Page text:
Grieving Prison Death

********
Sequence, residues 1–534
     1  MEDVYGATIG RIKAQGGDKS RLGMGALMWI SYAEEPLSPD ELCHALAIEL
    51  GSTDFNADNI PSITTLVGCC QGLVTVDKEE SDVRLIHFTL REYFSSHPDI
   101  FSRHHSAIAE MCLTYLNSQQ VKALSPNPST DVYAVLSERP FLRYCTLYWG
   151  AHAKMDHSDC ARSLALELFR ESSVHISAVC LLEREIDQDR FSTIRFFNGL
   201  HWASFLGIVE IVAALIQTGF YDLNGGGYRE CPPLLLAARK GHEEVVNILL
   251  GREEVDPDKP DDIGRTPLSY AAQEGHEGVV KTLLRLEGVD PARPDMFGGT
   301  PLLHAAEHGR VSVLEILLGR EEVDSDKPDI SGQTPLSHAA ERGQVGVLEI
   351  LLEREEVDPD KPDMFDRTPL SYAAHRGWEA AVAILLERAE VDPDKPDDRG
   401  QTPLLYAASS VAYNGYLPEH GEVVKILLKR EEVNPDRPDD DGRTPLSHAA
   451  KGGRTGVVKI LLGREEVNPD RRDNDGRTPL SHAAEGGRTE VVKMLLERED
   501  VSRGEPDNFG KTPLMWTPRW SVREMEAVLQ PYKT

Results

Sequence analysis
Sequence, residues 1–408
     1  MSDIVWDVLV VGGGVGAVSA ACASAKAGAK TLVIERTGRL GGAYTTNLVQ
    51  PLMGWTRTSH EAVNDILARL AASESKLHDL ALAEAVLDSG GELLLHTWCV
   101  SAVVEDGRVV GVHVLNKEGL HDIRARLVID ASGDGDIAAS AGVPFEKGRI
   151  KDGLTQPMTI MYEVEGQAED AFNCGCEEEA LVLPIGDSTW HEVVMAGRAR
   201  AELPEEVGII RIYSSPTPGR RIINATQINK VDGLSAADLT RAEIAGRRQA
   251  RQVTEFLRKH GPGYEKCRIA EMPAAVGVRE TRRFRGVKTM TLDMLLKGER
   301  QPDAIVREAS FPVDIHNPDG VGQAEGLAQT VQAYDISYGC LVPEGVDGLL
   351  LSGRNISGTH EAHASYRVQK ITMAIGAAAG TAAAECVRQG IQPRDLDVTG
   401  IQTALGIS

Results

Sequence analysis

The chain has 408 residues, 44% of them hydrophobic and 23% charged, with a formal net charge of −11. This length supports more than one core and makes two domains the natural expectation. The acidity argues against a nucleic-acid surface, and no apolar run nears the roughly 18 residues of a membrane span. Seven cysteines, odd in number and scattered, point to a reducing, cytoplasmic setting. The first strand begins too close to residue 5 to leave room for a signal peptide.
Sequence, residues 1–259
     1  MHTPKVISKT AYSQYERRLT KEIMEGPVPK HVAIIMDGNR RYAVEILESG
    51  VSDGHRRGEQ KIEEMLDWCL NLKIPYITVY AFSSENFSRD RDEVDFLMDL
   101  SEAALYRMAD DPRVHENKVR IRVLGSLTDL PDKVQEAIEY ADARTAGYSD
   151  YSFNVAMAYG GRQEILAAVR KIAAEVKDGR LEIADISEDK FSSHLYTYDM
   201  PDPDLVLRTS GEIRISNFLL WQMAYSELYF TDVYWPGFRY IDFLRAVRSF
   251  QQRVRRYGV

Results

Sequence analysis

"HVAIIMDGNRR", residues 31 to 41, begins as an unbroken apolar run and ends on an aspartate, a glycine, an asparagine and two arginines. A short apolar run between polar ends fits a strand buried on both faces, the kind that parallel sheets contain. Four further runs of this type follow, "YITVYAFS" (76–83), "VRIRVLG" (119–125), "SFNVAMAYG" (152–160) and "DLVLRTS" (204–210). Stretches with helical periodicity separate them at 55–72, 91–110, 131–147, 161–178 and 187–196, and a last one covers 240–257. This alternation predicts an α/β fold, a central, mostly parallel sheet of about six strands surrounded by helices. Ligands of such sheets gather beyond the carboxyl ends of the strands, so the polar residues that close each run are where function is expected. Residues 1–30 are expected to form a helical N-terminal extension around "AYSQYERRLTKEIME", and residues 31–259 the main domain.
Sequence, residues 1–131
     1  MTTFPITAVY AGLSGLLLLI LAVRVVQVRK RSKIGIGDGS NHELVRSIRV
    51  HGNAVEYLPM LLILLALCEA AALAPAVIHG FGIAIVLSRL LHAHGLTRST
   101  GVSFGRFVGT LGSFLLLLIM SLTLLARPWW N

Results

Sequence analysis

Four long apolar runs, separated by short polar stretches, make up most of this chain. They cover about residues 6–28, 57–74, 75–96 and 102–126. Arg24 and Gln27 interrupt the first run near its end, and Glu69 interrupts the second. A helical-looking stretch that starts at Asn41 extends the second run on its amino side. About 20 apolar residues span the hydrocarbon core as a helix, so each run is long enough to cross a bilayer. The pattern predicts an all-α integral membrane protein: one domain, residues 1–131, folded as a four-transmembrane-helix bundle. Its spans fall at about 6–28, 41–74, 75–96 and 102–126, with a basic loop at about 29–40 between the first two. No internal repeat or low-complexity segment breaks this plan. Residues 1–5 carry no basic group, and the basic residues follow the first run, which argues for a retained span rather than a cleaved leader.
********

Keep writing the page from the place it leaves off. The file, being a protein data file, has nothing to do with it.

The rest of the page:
The prison is a repressive apparatus that underpins settler-colonial capitalism in Aotearoa, a site for the collection and containment of bodies abjected from the social formation. When a person dies in prison, their death can expose some of the worst excesses of the current mode of production and immiseration. This thesis grapples with what it means to grieve the death of the prisoner. Interrogating 108 coroners’ findings into deaths in New Zealand prisons, it outlines the material conditions of confinement leading to people’s deaths, as well as the state’s attempt to come to terms with these deaths. Framed within the work of Judith Butler, the Department of Corrections enacts routine practices upon the bodies of the deceased that constitute dehumanising norms. Alongside the vilification and abjection of the prisoner, these norms establish that the prisoner is not recognisable as fully human. As a result of a security context that exacerbates the vulnerability of prisoners for the benefit of those worthy of protection, prisoners are placed in positions of extreme precarity. The material practices that reinforce the inhumanity of prisoners and increase their level of precarity establish, before the prisoner’s death, that the prisoner’s life is not a life worthy of living. Grieving the death of the prisoner requires the recognition of prisoners as fully human, which is not possible within a normative context that necessitates their dehumanisation. Thus, to grieve the death of the prisoner, there must be a material transformation of these dehumanising practices, and the normative social conditions in which they are necessitated. As those normative practices, and the prison itself, are so entrenched in settler-colonial capitalism, mourning the death of the prisoner requires much more than the coroners can conceive.